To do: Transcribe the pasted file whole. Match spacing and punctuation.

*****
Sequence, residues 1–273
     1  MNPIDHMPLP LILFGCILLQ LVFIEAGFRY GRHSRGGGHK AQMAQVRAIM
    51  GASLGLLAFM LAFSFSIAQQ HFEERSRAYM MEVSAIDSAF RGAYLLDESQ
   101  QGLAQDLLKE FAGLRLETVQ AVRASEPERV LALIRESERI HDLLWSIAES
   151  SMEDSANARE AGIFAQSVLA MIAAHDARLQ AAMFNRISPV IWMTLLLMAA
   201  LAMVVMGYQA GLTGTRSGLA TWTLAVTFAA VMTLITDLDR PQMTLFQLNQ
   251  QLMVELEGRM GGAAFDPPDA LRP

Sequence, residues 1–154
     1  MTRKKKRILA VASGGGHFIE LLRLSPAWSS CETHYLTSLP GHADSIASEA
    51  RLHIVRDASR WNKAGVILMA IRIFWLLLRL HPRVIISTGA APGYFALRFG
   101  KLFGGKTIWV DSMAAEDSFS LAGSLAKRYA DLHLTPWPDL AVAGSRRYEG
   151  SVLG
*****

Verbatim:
Sequence, residues 1–273
     1  MNPIDHMPLP LILFGCILLQ LVFIEAGFRY GRHSRGGGHK AQMAQVRAIM
    51  GASLGLLAFM LAFSFSIAQQ HFEERSRAYM MEVSAIDSAF RGAYLLDESQ
   101  QGLAQDLLKE FAGLRLETVQ AVRASEPERV LALIRESERI HDLLWSIAES
   151  SMEDSANARE AGIFAQSVLA MIAAHDARLQ AAMFNRISPV IWMTLLLMAA
   201  LAMVVMGYQA GLTGTRSGLA TWTLAVTFAA VMTLITDLDR PQMTLFQLNQ
   251  QLMVELEGRM GGAAFDPPDA LRP

Sequence, residues 1–154
     1  MTRKKKRILA VASGGGHFIE LLRLSPAWSS CETHYLTSLP GHADSIASEA
    51  RLHIVRDASR WNKAGVILMA IRIFWLLLRL HPRVIISTGA APGYFALRFG
   101  KLFGGKTIWV DSMAAEDSFS LAGSLAKRYA DLHLTPWPDL AVAGSRRYEG
   151  SVLG